My father, Joseph, was born in Russia. As he came to England when he was no more than 2 years old he has no memories of his time in Russia having grown up in a Jewish family in Liverpool.
His father had died of TB when still in his twenties. My great uncle paid for his sister to come over to England, where he bought her a shop and also found a second husband for her.
Unfortunately, my father did not get on with his stepfather, so he emigrated on his own to work on a farm in Canada – an amazing thing for a city boy of only 14 years to do – as he had never even set foot on a farm.
In 1935, he returned to visit his mother, my grandmother. She found him a wife here, my mother, Hilda, and he never returned to Canada to the woman he had planned to marry.
Whilst in Canada he had become a cheese maker and tried to find the same work back here in the UK, but when his employers learned that he was Jewish, he was sacked. He then found work in a power station. My mother worked as a shop assistant.
I have a brother five years older than me, who still lives in Liverpool.
When I was 5 years old, I started at a Jewish Primary School and began learning ancient Hebrew, the language of the Old Testament. This may have been what started my interest in foreign languages. Later, I moved on to the Liverpool Institute, a grammar school, and one of my fellow pupils was Paul McCartney. So, I can honestly claim I went to school with him. I have a photograph of us both (along with 500 other boys) to prove it!!
I have been very grateful to Joseph Stalin for dying in 1953. When that happened, it was thought we could now become friends with the Soviet Union, so the school began to teach Russian and I was one of the first group of students to learn the language.
Later, I went to Liverpool University and took a Degree Cours and followed this by taking a PhD at the new University of Essex. After which I got a lectureship teaching Russian Language and Linguistics at the University of East Anglia in Norwich.
My first trip to Russia was in 1965. At that time, during the ‘Cold War’, it was very difficult for University Students to go there. I was chosen to go on a course as part of the Anglo-Russian Cultural Agreement made between our two Governments”. I spent two weeks in Moscow and two weeks in Leningrad (now St. Petersburg).
At that time, whilst you were in the Soviet Union, you were cut off from the rest of the world. There were no Western goods for sale in the shops. No foreign news was broadcast as they blocked the BBC World News. And the Internet was not yet available.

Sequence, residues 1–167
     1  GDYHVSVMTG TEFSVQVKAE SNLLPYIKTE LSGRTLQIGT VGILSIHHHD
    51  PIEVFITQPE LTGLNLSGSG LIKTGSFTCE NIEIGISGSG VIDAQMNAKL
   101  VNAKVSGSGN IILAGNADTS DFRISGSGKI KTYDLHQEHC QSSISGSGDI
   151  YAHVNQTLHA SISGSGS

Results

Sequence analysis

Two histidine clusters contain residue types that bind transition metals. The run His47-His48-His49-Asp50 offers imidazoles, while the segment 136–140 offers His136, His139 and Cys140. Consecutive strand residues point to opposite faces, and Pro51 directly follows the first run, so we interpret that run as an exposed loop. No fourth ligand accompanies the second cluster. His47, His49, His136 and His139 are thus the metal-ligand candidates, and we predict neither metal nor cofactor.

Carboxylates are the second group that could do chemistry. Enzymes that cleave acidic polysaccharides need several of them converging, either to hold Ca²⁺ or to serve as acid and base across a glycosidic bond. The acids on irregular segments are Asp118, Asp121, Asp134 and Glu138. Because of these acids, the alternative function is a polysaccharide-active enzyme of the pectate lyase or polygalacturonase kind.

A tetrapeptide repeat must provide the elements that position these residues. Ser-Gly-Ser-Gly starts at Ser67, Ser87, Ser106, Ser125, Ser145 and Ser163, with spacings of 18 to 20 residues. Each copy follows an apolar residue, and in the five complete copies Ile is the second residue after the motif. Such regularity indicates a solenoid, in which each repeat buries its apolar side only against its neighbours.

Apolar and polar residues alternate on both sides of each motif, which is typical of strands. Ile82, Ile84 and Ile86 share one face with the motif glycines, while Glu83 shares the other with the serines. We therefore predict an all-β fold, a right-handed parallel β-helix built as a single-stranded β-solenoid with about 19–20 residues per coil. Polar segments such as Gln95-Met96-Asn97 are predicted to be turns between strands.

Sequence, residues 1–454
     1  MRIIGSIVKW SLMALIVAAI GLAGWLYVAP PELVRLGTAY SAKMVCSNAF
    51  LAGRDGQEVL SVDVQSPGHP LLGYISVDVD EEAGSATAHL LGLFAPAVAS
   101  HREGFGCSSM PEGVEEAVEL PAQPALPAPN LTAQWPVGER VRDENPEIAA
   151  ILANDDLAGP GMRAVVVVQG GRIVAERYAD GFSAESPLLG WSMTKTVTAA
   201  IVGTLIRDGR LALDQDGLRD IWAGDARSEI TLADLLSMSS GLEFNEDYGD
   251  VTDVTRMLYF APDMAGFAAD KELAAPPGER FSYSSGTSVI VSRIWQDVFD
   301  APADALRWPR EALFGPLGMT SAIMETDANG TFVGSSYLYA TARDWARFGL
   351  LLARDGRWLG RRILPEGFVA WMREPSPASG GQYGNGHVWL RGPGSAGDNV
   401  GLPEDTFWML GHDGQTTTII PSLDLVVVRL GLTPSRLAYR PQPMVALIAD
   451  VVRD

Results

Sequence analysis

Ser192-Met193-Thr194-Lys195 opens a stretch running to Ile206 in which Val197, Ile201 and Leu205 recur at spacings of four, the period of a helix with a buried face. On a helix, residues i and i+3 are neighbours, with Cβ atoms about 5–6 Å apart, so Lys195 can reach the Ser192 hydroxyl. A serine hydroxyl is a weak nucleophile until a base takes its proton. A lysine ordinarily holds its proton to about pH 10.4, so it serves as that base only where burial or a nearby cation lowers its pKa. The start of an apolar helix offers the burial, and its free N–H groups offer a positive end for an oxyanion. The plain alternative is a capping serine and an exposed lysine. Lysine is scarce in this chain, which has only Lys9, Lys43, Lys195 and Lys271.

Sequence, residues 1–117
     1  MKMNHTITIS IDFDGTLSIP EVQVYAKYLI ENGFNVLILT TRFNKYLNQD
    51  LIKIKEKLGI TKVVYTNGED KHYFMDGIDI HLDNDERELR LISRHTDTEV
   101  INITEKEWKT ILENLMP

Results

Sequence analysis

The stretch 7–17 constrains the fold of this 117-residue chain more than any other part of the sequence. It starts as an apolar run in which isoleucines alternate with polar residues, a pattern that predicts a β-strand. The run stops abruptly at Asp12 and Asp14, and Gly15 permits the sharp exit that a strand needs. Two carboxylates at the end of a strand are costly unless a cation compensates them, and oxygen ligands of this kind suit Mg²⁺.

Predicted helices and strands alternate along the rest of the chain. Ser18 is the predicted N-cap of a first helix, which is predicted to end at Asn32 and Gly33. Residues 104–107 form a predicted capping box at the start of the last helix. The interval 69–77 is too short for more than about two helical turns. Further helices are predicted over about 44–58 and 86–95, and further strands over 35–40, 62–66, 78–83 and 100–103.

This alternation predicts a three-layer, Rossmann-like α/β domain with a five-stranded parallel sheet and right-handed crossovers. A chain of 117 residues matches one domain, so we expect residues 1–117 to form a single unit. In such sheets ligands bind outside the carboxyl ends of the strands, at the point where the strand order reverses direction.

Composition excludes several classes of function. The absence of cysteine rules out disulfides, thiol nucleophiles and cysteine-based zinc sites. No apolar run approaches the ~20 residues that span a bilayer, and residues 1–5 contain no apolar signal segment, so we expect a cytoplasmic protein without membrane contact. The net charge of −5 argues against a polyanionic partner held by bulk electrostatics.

Three years later I went back to Russia. As part of my PhD research, I was taking part in a Russian Language project, looking into its structure. Together with a colleague, I went with a tape recorder to record both lecturers and students. We were very lucky as it was unusual to be given permission to do something like this, so we were treated with some suspicion. Luckily, we managed to make most of the recordings we wanted until we got to the Arts Faculty. The Dean would not allow us record his students.
Later, I found out that there had been problems with some students not towing the party line!
One event in particular I will never forget. I was in the Lenin Library (the equivalent of our British Library), in the old part housed in what had been the palace of a prince before the 1917 Revolution. The catalogue room was a grand marble hall. Whilst I was looking up a reference I heard my name echoing round the walls. To my surprise and delight, the voice belonged to Natasha, the teacher who had organised my course in Moscow in 1965.
I have kept in touch with her ever since and have also become good friends with her husband. They live in Central Moscow and when I visit Moscow, I am always welcome to stay with them.
It was in 1970 that I met my wife Julia, and the following year we were married. We had two daughters, both now happily married, and there are now 4 grandchildren, 3 boys and 1 girl, ranging in age from 8 to 13
One of the first things we did after we married was to get a dog. I have never been without one – or two – since then. They are great friends and I have had many dog adventures. But I think I will tell you about those – as well as my other adventures in Russia – in the second part of my profile. So look out for them in next month’s ‘Pump’.